But in a real-life, responsive environment you can’t provide stock responses to boundary testing. You have to make sure there’s a safe way to test boundaries without actually risking hurting people, so there has to be clear communication about where the hard, out-of-game boundaries are. And within the game, players, given a SHOOT option, will attempt to SHOOT everything. Including, and especially, things you don’t want them to shoot, like information-givers and quest-givers and each other.

For a while, we dealt with that by using unkillable god-like quest-givers, but the players didn’t enjoy that so much. People really, really want their boundary-testing to be rewarded by something delightful. So we started introducing things like hideous carnival-style puzzle games in which you could shoot things, but there would be obvious and unpleasant consequences. We started a reward system that built achievements on some of the most startling, brilliant things our players had done – so we have the “Over a man’s head mind you” award for gymnastics under stress, or the Cactus “Bastard” McPhillips award for astonishing bastardry, which gets awarded for things like sacrificing your best friend so you can run away. But only if it doesn’t contravene rule zero. I’ll come back to rule zero in a moment.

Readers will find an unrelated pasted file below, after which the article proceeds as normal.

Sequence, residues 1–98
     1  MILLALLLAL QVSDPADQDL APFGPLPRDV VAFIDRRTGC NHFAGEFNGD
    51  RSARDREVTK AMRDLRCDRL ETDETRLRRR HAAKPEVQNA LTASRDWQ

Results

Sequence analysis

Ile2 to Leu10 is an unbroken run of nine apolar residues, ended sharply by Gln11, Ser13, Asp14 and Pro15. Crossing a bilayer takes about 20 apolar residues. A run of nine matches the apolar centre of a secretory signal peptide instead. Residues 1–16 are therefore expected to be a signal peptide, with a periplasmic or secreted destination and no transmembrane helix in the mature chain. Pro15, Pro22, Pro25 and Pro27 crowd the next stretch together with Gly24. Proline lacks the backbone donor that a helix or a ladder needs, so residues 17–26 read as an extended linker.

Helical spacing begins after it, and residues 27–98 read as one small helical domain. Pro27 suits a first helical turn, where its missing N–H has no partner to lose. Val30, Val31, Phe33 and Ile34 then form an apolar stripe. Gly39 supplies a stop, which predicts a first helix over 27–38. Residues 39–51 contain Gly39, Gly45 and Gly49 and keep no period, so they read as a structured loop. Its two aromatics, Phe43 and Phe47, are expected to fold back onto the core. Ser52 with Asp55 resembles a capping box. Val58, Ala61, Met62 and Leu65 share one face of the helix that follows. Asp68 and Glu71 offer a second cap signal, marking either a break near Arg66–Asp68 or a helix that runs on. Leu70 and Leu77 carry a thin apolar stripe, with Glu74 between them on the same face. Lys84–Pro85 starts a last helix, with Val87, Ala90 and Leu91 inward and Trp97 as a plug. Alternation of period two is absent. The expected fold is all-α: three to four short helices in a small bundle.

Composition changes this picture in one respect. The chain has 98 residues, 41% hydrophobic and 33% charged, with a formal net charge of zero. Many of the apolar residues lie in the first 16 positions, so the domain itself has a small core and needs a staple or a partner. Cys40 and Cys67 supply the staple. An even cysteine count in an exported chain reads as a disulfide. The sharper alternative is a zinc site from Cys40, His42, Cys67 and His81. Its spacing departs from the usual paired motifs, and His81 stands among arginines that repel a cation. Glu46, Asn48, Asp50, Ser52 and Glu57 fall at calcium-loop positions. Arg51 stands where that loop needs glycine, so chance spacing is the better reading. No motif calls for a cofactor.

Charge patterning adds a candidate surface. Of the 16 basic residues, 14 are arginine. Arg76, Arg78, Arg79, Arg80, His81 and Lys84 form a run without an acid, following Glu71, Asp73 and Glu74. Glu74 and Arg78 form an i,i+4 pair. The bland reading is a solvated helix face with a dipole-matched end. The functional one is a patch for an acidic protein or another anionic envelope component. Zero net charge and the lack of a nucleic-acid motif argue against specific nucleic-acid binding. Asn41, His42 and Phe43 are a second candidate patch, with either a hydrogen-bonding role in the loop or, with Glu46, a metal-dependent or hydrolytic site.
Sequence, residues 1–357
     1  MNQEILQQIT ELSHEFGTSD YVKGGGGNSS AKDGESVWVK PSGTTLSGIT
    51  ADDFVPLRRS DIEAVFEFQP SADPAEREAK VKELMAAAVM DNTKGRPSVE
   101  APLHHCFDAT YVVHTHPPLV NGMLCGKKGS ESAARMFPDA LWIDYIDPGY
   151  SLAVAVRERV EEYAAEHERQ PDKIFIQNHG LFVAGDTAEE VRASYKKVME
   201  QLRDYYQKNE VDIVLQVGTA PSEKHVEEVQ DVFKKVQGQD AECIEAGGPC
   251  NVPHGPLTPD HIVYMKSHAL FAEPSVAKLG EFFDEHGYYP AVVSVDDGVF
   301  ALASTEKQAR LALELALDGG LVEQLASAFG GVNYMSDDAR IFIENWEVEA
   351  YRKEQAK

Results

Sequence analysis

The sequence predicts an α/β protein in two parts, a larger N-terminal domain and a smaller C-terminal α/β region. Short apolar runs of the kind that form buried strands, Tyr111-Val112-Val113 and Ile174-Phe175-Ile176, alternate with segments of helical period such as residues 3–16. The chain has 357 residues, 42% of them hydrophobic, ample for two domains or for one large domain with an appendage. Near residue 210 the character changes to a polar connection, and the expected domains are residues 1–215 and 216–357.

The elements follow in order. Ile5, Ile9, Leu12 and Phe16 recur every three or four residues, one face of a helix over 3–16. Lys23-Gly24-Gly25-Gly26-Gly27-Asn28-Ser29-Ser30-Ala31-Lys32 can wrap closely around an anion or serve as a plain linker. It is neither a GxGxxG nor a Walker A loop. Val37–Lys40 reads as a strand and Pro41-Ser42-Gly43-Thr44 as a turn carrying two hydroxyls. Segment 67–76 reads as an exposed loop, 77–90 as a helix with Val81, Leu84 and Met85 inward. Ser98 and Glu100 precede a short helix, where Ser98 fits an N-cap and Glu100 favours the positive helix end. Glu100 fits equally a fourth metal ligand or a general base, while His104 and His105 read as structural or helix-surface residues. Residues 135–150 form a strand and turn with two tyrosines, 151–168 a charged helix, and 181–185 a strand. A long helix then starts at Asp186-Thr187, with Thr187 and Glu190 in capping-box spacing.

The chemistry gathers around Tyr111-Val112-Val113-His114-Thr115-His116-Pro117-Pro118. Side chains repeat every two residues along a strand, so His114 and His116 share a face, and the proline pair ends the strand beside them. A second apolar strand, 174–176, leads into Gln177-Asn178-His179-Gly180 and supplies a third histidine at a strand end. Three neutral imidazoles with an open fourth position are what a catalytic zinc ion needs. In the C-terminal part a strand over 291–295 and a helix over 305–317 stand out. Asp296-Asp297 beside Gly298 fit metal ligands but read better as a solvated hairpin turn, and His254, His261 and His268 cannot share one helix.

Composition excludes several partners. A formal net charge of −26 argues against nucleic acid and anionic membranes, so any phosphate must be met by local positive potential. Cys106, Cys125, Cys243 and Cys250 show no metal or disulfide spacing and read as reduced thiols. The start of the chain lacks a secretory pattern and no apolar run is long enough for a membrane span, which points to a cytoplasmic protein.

There’s delight in the unexpected interaction. In one event, there was a substitution puzzle in which players had to solve a cipher in order to determine which of several symbols they had to write on the walls. We had symbols for angel, demon, heaven, hell, kill, reanimate, and various other things – including symbols for our big unkillable god-like characters Emmerson and Kramer. After the game, players asked what would have happened if they’d written the symbols for “kill Kramer” in the ritual circle. That would have been a fantastic moment to go off-script, do something spontaneous and delightful.

So since then we try to look out for unexpected ways the players might use the tools we give them, and reward them by making it work. In the last game, in order to get out of the complex, the players had to find a demon and lead him through the zombie-infested mall to a magic circle. They could control him if they had a particular occult book. So they got the book, and rather than take him straight to the circle they moved him around the mall getting him to stand in doorways killing zombies for them.